Protesters against military rule marched in Myanmar on Saturday three months after a coup ended a democratic transition, with several small blasts rocking the commerical capital, Yangon.
The power grab triggered a massive uprising which authorities have tried to quell with lethal force and live ammunition.
As Myanmar entered its fourth month under military rule on Saturday, protesters in the commercial hub Yangon, an epicentre of unrest with a heavy security presence, staged flash demonstrations, marching rapidly through the streets to avoid confrontation with police and soldiers.
The lightning-quick pace of the protests is “so that people will have time to disappear when the security forces come, or else they would die or get arrested”, said student activist Min Han Htet.
In Yangon’s Insein township, a bomb blast went off around 10 am near a local school, said a resident staying nearby.
“Some security forces came to check the blast area, but I only watched from a distance from my home because I was worried they would arrest me,” he told AFP.
By afternoon, two more blasts went off in Yankin, further south, according to residents of the leafy residential township.
“I thought it was thunder,” a resident told AFP, adding that the explosions left the security forces nervous.
The state-run evening news said a woman was wounded in the Yankin blasts, which it blamed on “instigators”.
No one has yet claimed responsibility for the bombings that are taking place with increasing frequency in Yangon.
They made people live in fear’
The former capital has been completely transformed since the junta seized power on February 1, with barricades erected in key protest hotspots, security forces on patrol, and residents reporting nighttime arrests of suspected dissidents.
“They (the junta) have made people live in fear and it is good to have them on edge as well,” the Yankin resident said.
He also praised the flash protesters for their ingenuity in evading arrest and crackdowns.
“Any show of defiance without getting captured or killed is great for the resistance.”
Across the country, nearly 760 civilians have been killed in the anti-coup unrest, according to a local monitoring group, though the junta has recorded a far lower death toll.
But the democracy movement remains undeterred, with demonstrators gathering Saturday in central Monywa city — a flashpoint for violence — carrying signs that said “Monywa cannot be ruled”.
In southern Dawei, protesters waved the signature red flags of Suu Kyi’s National League for Democracy (NLD) party, and carried signs that said “We want democracy”.
Wanted posters of junta leader Senior General Min Aung Hlaing were also pasted around town, calling him a “power addict”.
He has continuously justified the putsch as necessary to protect democracy, alleging fraud in November’s election which Suu Kyi’s party won in a landslide.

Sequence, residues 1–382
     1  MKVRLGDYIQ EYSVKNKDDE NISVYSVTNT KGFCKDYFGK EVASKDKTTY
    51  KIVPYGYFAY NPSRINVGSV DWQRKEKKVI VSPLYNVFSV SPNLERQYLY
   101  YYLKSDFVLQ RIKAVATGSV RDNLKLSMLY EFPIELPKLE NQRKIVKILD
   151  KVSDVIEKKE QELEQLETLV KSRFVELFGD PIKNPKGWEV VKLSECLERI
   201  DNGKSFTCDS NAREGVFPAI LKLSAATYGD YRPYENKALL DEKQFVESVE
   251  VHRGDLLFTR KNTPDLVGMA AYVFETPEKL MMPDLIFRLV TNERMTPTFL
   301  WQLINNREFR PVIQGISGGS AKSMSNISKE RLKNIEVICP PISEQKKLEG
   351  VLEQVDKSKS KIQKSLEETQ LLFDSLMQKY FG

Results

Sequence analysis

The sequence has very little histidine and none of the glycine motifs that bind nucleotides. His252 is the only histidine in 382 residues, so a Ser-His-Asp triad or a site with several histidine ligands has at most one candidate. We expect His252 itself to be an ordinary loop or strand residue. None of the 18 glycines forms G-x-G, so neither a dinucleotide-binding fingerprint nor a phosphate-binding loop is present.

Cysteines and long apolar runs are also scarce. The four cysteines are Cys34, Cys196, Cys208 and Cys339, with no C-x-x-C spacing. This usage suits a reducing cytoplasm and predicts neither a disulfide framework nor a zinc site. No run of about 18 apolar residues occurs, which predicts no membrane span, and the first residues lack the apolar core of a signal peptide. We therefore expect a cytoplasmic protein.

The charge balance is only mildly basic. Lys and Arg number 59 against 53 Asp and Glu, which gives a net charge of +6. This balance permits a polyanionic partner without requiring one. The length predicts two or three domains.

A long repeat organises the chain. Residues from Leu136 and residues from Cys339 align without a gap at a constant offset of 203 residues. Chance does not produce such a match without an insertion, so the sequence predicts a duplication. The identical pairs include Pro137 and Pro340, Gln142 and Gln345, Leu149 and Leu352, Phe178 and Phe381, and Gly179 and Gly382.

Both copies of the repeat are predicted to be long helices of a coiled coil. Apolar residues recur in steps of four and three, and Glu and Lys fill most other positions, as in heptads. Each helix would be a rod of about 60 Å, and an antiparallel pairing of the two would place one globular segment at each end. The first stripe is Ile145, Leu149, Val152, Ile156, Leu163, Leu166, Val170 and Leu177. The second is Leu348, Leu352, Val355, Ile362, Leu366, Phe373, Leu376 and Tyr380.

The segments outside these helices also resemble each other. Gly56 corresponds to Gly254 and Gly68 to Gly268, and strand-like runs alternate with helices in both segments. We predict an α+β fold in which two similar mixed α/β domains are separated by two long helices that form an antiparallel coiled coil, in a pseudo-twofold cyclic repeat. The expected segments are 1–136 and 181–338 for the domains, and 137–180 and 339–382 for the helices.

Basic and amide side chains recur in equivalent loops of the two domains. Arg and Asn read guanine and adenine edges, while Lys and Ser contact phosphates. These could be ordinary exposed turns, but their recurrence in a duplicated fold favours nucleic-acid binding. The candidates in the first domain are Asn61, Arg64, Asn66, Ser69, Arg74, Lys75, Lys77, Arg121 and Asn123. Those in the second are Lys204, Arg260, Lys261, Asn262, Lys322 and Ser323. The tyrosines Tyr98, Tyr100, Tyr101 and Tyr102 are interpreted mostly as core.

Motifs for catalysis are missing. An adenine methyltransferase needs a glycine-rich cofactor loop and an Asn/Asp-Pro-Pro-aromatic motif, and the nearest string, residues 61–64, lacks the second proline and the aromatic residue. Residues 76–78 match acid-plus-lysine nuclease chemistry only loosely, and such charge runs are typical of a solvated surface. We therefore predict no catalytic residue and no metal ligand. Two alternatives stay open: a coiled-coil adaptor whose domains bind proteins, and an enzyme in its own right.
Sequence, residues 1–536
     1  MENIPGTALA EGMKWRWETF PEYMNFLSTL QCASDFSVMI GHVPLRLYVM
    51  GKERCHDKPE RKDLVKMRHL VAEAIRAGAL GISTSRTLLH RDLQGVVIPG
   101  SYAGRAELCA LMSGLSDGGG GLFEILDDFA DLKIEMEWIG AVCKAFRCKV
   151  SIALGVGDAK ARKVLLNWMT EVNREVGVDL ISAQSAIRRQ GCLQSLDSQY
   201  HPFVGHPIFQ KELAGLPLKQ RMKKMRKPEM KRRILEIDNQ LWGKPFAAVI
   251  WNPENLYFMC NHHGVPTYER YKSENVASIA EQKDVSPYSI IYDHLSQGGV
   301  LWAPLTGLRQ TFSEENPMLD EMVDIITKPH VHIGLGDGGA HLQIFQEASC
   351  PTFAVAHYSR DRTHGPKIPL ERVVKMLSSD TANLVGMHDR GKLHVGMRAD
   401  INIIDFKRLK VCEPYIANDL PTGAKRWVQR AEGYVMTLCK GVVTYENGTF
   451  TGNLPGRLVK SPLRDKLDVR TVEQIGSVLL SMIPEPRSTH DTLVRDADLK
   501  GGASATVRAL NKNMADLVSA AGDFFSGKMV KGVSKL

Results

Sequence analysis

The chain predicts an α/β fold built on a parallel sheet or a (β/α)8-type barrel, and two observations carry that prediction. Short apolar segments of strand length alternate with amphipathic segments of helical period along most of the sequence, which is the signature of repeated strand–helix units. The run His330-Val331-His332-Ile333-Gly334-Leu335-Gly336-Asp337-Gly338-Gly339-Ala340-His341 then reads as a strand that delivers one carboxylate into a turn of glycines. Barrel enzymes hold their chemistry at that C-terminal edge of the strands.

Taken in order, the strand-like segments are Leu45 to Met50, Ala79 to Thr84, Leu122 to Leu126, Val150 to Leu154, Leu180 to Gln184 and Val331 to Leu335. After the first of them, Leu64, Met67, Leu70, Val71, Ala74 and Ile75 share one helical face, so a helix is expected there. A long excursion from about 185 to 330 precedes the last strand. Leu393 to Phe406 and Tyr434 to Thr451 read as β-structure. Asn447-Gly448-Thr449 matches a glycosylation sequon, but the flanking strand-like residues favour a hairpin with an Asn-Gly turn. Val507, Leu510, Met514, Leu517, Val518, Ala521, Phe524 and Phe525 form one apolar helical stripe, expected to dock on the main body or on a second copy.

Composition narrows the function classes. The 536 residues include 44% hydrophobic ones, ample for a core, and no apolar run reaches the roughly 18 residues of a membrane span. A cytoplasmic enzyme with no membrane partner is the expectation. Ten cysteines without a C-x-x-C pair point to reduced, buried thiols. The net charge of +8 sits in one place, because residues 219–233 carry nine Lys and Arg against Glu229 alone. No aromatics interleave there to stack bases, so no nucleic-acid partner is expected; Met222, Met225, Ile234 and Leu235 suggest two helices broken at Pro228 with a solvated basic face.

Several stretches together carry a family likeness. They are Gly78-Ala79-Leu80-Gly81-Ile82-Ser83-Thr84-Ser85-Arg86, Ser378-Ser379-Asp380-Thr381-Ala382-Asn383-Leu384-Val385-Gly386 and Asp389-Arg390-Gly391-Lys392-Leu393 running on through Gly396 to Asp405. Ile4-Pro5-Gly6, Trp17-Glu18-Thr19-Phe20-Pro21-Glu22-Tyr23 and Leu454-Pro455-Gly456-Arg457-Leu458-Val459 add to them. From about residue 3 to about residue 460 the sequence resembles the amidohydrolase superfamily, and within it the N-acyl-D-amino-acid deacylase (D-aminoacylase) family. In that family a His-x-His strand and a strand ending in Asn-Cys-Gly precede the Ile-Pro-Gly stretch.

UN calls for return to democracy
The UN Security Council on Friday again demanded the restoration of democracy in Myanmar and the release of all detainees including Suu Kyi and strongly backed calls by Southeast Asian nations for an immediate cessation of violence and talks as a first step toward a solution following the Feb. 1 military coup.
The council’s press statement followed a briefing by the top UN envoy that the strong, united demand for democracy by the people of Myanmar who have been protesting since the coup has created “unexpected difficulties” for military leaders in consolidating power and risks bringing the administration of the nation to a standstill.
Christine Schraner Burgener said in remarks to the closed council meeting obtained by The Associated Press that her discussions in the region “compounded” her concern that the situation in Myanmar is deteriorating in all areas.
She pointed to a resurgence of fighting in ethnic areas, more poor people losing jobs, civil servants refusing to work to protest the coup and a brewing crisis of families in and around the main city Yangon “pushed to the edge” for food, going into debt and trying to survive.
The unceasing violence against protesters has drawn the ire of some of Myanmar’s myriad ethnic armies, many of which have been battling the military for decades in border regions.
Several have condemned the military and come out in support of the anti-junta movement, offering shelter to fleeing activists in the territory they control.
Clashes between the military and the Karen National Union (KNU), one of the leading rebel groups, have escalated since the coup.
The KNU have seized and razed military posts and the junta has responded with repeated air strikes in the rebels’ Karen state heartland — the latest taking place right after midnight Saturday.
The targeted area is right next to Thailand’s northern Mae Hong Son province, and displaced residents have fled across the Salween river, which demarcates the border.
“Myanmar soldiers used a fighter aircraft to launch an air strike operation, firing two rockets and artilleries” around 12:48 am, said a statement released by Mae Hong Son’s governor Sithichai Jindaluang.
He added that more than 2,300 Myanmar nationals have crossed into Thailand.
Media and local Karen aid groups were blocked access to the refugees, with authorities citing the spread of Covid-19 as a reason — stopping to check the temperatures of locals returning home.
Violence has also flared in Myanmar’s northern Kachin state between the Kachin Independence Army and the military, which launched air strikes in Momauk township Friday.
Saturday saw fresh artillery shelling hit two small towns, according to a humanitarian worker, who said residents were fearful about the fighting getting closer.
(FRANCE 24 with AFP, AP and REUTERS)